As demand further outpaced supply in January, the median listing price held near record-highs and continued to rise at a double-digit annual pace. While 2022 is forecasted to be a seller’s market, annual home price growth is expected to moderate from the 2021 pace. This is partly due to looming rate hikes, which will cut into buyers’ ability to meet high asking prices and have already begun to rise more quickly than anticipated.
Listing price data is already showing some loss of momentum, as the acceleration was smaller in January over December compared to December over November. Still, the affordability of monthly housing costs will increasingly challenge buyers – especially first-timers, who typically have less flexible budgets and face the added financial burden of skyrocketing rents.
For the second month in a row, the median listing price held at $375,000. Listing prices increased at a slightly faster annual pace in January (+10.3%) than in December (+10.0%), but the change was smaller than from November (+8.6%) to December.
Relative to the national rate, home prices posted smaller yearly gains (+6.1%) in the 50 largest metros, partially due to inventory gains in smaller-sized homes. Price growth was similar on a square foot basis, up 11.8% year-over-year in large metros and 13.5% year-over-year nationwide.
Listing prices grew at a double-digit annual pace in the southern (+11.2%) and western (+10.0%) regions, which dominated the top five list of markets with the biggest annual home price increases: Las Vegas (+35.3%), Tampa (+28.7%), Austin, Texas (+28.2%), Orlando (+25.0%) and Miami (+24.8%).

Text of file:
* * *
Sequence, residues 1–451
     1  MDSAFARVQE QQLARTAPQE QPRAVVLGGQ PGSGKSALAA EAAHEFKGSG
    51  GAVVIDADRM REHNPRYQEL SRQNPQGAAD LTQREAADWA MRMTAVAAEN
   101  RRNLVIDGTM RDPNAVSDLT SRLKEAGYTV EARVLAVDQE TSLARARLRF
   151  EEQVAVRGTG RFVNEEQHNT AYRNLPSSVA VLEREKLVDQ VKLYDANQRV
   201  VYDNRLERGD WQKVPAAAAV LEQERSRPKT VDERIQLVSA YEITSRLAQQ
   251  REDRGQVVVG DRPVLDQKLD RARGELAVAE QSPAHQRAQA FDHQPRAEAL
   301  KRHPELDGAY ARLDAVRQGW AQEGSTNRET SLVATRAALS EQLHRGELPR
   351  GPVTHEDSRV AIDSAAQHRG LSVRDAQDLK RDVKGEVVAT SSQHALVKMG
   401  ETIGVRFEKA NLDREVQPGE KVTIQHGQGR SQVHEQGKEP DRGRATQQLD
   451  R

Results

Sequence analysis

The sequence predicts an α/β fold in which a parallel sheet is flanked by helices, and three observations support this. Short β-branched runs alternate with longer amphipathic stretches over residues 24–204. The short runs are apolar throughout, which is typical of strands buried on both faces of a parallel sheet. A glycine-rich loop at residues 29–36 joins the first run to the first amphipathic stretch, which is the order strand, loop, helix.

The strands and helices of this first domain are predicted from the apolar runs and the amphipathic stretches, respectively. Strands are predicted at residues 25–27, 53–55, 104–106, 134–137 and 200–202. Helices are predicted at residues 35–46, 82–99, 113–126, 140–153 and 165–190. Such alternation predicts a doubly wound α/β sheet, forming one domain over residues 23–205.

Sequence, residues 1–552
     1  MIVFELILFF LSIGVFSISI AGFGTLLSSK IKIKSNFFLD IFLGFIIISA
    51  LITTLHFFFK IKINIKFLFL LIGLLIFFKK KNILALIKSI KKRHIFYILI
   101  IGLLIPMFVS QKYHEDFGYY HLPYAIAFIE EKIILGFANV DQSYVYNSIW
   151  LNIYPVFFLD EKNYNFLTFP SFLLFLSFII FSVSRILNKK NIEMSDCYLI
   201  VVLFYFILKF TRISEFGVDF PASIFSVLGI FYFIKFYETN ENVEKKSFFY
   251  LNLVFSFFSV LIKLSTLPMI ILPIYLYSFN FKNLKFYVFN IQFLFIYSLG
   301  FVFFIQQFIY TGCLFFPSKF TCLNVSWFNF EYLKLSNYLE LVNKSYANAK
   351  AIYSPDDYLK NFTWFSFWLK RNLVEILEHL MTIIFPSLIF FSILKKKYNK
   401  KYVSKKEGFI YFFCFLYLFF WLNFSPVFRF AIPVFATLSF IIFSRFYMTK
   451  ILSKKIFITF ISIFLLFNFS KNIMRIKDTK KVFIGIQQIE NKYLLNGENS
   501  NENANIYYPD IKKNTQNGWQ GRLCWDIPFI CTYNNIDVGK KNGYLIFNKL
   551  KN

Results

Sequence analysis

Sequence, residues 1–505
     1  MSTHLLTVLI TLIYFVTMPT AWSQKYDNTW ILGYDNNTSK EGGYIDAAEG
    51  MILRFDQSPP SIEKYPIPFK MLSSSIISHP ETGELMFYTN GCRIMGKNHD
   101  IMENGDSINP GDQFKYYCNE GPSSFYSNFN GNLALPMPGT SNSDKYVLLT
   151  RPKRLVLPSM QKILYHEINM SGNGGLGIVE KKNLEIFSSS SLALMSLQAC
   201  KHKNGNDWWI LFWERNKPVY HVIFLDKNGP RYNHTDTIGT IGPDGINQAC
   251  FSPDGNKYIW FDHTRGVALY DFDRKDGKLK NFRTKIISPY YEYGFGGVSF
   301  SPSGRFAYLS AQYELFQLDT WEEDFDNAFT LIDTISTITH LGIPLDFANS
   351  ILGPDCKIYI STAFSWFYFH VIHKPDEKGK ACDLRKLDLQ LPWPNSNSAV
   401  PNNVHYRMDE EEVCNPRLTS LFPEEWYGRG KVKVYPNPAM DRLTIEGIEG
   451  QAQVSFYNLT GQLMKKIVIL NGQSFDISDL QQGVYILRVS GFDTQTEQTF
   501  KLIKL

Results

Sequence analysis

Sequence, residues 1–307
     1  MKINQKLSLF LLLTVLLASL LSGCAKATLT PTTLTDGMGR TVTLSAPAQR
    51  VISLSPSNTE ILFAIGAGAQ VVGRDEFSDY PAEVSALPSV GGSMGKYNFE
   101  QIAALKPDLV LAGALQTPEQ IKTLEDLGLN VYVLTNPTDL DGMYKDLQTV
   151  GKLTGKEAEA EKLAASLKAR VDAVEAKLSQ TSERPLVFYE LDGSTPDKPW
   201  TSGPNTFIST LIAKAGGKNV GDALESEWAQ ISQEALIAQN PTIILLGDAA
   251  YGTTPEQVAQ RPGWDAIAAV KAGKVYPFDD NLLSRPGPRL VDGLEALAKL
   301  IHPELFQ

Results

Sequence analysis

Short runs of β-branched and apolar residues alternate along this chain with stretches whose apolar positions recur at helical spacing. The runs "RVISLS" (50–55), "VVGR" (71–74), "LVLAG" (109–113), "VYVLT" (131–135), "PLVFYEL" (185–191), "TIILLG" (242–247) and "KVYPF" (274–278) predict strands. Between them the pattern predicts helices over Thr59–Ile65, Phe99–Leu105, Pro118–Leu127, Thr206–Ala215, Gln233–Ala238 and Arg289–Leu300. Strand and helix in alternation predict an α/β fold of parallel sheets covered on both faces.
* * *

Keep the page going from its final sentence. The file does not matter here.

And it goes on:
For the first time since the onset of the pandemic, national overall delinquency dropped below the March 2020 level of 3.6%, a sign that mortgage performance is following the nation’s income growth, according to CoreLogic, an analytics and data provider. At the same time, foreclosure rates remain at historic lows as borrowers have been able to lean into the equity generated by a year of record-breaking home price growth. These factors combined have helped borrowers weather the lasting economic impacts brought on by the pandemic and avoid falling behind on payments or losing their homes.
“Nonfarm employment rose 6.45 million during 2021, helping to rebuild income for families under financial stress during the pandemic,” said Frank Nothaft, chief economist at CoreLogic. “Income growth has helped to reduce past-due rates and home equity build-up has reduced the likelihood of a distressed sale for families that experience financial challenges.”